“Of course they were very, very enthusiastic,” he recounted. “I asked them for advice [about] how to bring this to the president’s attention. And I’m sure I said something to the effect of ‘If you have any way to bring this to his attention, I hope you would consider that’… But I’m not sure if they did, and I’m not sure what they have or haven’t brought to President Trump’s attention.”
Another Maples associate, Shiva Ayyadurai, is also trying to get his plan to Trump’s desk. Ayyadurai—who likes to go by “Dr. Shiva” and has made the widely challenged claim that he is the “Inventor of Email”—is also known online for championing an unsubstantiated vitamin treatment for the coronavirus, and has alleged that Anthony Fauci, a member of Trump’s coronavirus task force, is a nefarious cog of the anti-Trump “deep state.” Shiva, who is a Republican candidate for the U.S. Senate in Massachusetts, is also a crusader against vaccines, and is locked in a feud with Robert F. Kennedy Jr., one of the country’s more prominent anti-vaccine advocates.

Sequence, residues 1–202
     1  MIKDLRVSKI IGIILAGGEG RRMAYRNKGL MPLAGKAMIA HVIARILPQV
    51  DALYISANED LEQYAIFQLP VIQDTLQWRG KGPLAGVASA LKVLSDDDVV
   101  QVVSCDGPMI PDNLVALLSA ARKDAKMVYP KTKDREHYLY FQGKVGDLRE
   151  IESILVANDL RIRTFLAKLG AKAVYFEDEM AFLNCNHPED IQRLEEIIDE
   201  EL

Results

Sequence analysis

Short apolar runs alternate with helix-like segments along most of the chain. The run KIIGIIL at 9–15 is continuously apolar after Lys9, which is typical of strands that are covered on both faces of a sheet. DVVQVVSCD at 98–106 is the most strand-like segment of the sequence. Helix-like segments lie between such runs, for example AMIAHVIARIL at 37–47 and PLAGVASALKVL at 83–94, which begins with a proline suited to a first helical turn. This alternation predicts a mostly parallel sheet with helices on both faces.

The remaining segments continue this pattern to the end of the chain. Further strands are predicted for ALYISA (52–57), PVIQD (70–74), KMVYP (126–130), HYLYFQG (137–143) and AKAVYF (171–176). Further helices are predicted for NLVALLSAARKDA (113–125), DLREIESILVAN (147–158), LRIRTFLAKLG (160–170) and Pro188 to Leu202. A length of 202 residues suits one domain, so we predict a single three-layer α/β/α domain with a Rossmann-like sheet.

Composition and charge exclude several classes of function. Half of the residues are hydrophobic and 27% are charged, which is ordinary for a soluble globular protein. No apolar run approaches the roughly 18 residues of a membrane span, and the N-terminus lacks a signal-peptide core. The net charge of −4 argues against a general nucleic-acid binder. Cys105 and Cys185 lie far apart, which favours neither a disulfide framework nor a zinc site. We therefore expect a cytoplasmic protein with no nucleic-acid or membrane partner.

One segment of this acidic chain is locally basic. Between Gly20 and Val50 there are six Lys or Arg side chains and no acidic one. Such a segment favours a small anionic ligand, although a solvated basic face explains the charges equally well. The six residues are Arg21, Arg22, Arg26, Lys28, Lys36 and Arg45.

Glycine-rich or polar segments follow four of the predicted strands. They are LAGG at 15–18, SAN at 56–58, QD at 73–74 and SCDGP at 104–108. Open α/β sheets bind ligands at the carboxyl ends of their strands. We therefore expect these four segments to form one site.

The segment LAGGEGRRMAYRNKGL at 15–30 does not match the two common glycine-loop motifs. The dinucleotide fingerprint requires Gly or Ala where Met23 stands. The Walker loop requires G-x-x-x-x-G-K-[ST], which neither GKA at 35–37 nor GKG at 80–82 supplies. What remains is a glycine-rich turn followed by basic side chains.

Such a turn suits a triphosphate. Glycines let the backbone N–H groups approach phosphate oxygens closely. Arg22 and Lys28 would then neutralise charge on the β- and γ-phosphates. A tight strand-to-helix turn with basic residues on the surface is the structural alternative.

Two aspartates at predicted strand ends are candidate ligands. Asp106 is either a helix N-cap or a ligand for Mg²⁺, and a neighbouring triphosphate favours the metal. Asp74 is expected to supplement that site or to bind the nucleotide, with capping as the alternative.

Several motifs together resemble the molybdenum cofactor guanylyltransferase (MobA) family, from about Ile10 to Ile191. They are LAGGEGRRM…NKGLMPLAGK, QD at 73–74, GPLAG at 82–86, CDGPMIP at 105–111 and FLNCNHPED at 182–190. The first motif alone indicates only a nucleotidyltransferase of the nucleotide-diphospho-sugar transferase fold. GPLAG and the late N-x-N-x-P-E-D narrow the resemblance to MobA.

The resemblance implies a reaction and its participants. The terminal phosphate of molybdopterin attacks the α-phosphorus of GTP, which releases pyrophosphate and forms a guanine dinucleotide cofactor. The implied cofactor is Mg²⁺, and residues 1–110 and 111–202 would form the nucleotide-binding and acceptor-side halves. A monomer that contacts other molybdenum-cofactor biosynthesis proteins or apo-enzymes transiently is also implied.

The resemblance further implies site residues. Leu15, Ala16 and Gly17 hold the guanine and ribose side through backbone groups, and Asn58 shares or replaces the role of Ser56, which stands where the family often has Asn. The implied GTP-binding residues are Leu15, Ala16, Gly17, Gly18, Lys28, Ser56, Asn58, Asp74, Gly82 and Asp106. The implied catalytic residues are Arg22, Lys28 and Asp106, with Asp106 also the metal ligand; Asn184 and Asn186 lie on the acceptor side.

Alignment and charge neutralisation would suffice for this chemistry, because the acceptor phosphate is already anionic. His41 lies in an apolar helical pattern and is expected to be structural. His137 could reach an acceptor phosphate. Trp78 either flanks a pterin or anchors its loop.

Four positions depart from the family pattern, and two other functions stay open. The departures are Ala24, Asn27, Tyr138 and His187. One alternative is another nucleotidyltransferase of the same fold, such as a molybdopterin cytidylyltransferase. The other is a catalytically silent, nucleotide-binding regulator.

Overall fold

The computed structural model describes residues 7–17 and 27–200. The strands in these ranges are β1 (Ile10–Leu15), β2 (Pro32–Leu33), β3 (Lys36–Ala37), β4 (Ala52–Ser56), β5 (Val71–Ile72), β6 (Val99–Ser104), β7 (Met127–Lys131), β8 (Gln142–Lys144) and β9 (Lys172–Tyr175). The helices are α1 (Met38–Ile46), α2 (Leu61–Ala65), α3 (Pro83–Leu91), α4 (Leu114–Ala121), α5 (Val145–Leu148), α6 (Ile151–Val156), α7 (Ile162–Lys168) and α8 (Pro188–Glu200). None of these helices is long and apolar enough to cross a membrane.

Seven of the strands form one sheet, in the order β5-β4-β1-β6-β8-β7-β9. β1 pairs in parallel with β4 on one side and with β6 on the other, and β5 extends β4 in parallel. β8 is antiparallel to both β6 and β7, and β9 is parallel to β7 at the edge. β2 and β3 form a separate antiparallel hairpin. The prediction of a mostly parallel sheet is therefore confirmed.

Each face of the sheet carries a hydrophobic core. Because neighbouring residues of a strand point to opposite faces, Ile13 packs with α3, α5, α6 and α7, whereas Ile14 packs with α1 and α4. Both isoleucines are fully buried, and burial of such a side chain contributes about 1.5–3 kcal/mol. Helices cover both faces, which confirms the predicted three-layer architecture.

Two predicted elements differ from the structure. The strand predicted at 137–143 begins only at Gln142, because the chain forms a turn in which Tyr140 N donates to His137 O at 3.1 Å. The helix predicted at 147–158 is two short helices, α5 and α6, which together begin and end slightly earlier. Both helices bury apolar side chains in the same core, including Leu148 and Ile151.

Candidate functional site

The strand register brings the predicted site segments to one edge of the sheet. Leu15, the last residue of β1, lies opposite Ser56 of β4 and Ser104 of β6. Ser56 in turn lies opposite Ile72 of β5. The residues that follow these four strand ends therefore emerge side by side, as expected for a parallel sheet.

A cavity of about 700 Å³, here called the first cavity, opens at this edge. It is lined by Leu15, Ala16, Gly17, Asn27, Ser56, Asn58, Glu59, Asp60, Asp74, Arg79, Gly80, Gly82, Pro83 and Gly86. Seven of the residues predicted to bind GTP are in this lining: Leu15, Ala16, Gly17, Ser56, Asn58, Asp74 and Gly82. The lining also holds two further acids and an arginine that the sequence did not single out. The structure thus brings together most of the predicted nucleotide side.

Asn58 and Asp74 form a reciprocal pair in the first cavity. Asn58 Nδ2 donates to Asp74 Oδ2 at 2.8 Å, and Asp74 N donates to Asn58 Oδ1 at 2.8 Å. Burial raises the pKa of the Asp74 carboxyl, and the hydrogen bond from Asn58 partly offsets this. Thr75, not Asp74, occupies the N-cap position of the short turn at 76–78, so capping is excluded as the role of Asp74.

In text messages sent Monday evening, Shiva said he’d written a letter on his “solution” for the coronavirus pandemic to the White House and claimed that “many people like [Marla] loved the letter and videos [regarding the coronavirus crisis], including Democrats and Republicans who have access to him.” He continued, “I’m sure she tried [to get them to the president] as well as the others,” but didn’t appear certain if she had.
On her public social-media posts, Maples doesn’t seem to share many of the views espoused by Shiva and others. For the most part, when she is speaking publicly about the virus, she doesn’t focus on subjects like trying to get Fauci fired, but instead on more nebulous topics like human wellness and spirituality.
“This is the time to believe unlimited miracles are available. It’s up to us,” she posted to Instagram in late April. “Every time darkness is present there is the potential of the opposite of this… Hold the vision for miraculous alignments in your life.”